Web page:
[Air-L] Let's talk about AoIR

Ted Coopman ted.coopman at gmail.com
Wed Jun 5 16:56:08 PDT 2013


I had not checked in for a while due to being annoyed at the review
process. I had never been totally shut-out before so disappointed. I would
agree that the abstract length has become problematic and at this length
creates unreasonable expectations by some reviewers.

I reviewed 13 papers and panels for IR14 and have reviewed in the past so
am familiar with the process. I also served on the exec twice so am
sympathetic to the logistics of it all (it NEVER really works as intended).
I also know the hell of program planning, so I have EXTREME empathy and
respect for this year's crew. Everyone, it is a Sisyphean task where you
are the mercy of volunteer academics! Not to mention the demands of your
day job. So please take this critique with love and respect.

I do have two specific issues with the process dealing with my own

Explaining and contextualizing a fairly new theory and then applying it to
a case takes time and space. I am somewhat an ace at the abstract format
after years of practice. I found the reviewers expectations on what should
have included (wanting more detail) to be unreasonable. An abstract is just
that and you can't expect a full treatment of a complex topic with theory
development to include the same amount of detail as a full paper and this
seems to be the expectation. But, hey, those are the breaks. Although for
the record, "merely descriptive" is not an appropriate comment and displays
a certain epistemological narrowness.

My big gripe is the mere two reviews on a roundtable with the major
complaints it was too broad and needed a narrower focus and the discussion
on the future of higher education was "to generic" to draw (in her/his
opinion) an audience or interest. This despite similar highly attended
related discussions in the past and the fact that it is the only thing that
actually impacts everyone who happens to work in higher ed. We did get
points for the high level of expertise (I would add a good mix of gender,
geography, and public/private sector experience). So, exactly what is the
purpose of a roundtable?

At the very least, if you can only get two reviews on a submission, that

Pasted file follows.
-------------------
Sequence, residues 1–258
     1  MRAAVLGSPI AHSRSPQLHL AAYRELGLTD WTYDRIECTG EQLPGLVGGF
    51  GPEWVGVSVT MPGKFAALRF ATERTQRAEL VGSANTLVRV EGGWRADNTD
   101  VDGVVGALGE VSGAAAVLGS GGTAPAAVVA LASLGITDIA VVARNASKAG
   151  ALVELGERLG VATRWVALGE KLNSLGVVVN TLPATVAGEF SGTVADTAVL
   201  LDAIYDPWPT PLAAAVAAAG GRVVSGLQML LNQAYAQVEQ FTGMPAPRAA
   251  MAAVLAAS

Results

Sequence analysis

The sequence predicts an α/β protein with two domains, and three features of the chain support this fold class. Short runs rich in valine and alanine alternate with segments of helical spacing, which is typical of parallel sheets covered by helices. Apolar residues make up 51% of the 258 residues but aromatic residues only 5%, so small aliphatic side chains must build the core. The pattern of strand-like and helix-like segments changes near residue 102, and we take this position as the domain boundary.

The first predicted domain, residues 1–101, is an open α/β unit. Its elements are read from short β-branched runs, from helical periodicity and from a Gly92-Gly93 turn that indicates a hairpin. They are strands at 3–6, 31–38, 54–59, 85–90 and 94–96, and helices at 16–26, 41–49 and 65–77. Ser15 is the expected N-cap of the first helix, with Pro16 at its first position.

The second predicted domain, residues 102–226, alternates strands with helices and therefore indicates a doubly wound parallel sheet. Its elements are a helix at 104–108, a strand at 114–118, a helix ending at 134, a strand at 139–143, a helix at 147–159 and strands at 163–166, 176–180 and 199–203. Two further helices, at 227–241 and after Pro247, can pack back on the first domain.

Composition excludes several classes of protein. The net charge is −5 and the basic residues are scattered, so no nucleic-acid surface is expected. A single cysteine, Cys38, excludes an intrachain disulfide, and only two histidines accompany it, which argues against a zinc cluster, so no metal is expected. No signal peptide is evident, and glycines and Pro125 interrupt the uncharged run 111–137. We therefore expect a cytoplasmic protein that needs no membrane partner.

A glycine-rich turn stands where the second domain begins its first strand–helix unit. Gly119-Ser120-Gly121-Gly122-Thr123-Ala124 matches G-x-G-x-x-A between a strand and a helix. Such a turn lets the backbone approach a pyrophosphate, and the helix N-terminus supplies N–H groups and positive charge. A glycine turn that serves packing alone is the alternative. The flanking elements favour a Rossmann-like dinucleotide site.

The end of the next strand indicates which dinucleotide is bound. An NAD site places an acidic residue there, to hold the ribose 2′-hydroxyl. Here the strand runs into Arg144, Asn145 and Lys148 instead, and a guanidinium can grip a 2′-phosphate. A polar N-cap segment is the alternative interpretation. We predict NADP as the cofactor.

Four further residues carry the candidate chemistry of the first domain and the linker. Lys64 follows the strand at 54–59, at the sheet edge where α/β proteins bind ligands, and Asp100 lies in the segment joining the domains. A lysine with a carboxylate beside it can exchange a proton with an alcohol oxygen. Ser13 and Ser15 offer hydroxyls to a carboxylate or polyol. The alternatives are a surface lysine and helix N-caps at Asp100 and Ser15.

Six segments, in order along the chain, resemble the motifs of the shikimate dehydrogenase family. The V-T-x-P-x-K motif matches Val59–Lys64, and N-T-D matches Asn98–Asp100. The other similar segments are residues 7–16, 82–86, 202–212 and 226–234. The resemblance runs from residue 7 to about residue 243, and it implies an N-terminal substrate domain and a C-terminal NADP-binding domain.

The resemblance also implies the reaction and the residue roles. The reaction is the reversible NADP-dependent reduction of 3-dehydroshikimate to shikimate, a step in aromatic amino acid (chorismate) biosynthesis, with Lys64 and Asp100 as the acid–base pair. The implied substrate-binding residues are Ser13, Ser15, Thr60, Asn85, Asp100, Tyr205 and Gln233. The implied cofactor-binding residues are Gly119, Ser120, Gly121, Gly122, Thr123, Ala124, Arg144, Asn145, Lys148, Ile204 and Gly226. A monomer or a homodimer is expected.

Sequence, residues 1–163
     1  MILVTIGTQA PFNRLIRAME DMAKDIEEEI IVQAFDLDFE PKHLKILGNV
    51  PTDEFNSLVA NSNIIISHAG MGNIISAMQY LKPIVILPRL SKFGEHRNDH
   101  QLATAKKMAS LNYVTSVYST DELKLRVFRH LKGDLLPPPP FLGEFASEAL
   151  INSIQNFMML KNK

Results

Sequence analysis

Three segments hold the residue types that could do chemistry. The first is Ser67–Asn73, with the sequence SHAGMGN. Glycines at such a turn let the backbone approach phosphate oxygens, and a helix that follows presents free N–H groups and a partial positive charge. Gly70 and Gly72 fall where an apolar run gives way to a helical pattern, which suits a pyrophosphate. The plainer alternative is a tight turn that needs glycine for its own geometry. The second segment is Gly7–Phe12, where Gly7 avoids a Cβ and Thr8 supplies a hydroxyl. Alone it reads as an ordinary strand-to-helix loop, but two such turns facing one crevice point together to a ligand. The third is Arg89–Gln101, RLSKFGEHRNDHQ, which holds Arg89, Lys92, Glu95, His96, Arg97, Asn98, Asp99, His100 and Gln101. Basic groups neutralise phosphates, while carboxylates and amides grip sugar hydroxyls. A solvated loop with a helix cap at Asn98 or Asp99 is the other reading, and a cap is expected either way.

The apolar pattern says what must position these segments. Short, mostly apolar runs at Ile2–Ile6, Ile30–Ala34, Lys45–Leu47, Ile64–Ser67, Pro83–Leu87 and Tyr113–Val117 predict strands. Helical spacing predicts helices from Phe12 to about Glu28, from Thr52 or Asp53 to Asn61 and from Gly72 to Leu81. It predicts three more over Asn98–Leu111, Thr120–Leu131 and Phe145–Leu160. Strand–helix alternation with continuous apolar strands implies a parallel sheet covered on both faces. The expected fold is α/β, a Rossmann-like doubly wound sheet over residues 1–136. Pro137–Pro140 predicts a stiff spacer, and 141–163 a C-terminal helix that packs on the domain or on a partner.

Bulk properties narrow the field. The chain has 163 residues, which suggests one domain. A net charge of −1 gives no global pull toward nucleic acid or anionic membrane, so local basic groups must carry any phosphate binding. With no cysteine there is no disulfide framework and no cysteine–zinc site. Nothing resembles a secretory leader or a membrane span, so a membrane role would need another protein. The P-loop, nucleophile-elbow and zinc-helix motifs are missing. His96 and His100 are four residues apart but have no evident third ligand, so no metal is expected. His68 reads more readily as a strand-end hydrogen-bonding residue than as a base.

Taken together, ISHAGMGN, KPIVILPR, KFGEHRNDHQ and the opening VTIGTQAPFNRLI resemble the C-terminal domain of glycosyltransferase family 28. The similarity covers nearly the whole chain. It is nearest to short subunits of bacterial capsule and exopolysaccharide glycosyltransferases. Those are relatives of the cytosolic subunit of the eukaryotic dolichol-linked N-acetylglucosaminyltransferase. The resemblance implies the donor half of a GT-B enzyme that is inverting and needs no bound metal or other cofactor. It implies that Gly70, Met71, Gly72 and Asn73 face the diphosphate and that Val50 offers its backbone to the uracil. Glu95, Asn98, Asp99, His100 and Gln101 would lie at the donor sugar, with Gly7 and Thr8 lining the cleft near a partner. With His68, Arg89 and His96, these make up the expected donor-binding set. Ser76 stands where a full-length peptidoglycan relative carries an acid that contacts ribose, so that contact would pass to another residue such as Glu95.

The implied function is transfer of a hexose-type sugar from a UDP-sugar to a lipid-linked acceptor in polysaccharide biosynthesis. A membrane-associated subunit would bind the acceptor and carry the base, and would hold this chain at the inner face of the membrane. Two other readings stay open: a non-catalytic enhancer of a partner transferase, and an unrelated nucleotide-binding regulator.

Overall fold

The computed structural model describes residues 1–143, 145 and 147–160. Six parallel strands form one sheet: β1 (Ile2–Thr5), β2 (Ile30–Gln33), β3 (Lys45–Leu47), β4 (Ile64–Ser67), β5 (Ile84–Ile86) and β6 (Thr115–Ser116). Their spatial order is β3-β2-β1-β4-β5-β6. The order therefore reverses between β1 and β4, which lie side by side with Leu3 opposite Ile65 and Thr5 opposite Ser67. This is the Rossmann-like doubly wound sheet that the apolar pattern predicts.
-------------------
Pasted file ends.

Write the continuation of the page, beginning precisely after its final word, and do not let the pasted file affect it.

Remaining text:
would seem to warrant a look by the program planner or their agent to make
a final call.


On Mon, Jun 3, 2013 at 3:58 PM, Magdalena O! <m_olszan at live.concordia.ca>wrote:

> My apologies for being late but I wanted to take in all the lucid and
> cogent comments first.
> I am grateful this discussion was started because when I received my
> rejection I was quite frustrated. This was not because my co-author and I
> were rejected but because the first two reviewers commented on similar
> strengths and weaknesses, and the third reviewer interrogated our "short
> paper" line by line (often with snide and passive aggressive remarks), but
> did not get the point the paper was trying to make. This third reviewer
> also scored us over 40 points less than the others.
> This then made me wonder whether there is an accountability to reviewer
> management? I've never encountered such a review of my work before (whether
> for a conference or publication).
> There were many points made in regard to this topic about wanting to
> encourage speculative and experimental work that showcases rigour but
> cannot be confined to "data findings" and "sample methods" etc. Our paper
> was heavily theoretical and trying to push the discourse of Internet
> Studies in fairly speculative ways that still had a clear object of
> inquiry. We may have failed at this, but a snide line by line commentary is
> not helpful to us, especially as young PhD scholars.
> I'm very much on board with Terri's creative writing workshop that she
> proposed at the end of her keynote last year because some of us definitely
> struggle with academic writing. Alas I won't be going to Denver but
> hopefully there will be another opportunity because writing skills are
> *not* taught at the graduate level and this doesn't make sense to me.
> Magda
> Magdalena Olszanowski, PhD Student
> HASTAC Scholar
> Communication Studies
> Concordia University
> Montreal, QC
> On 2013-05-31, at 6:00 PM, air-l-request at listserv.aoir.org<mailto:
> air-l-request at listserv.aoir.org> wrote:
> Re: Let's talk about AoIR.
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Ted M. Coopman Ph.D.
Department of Communication Studies
San Jose State University

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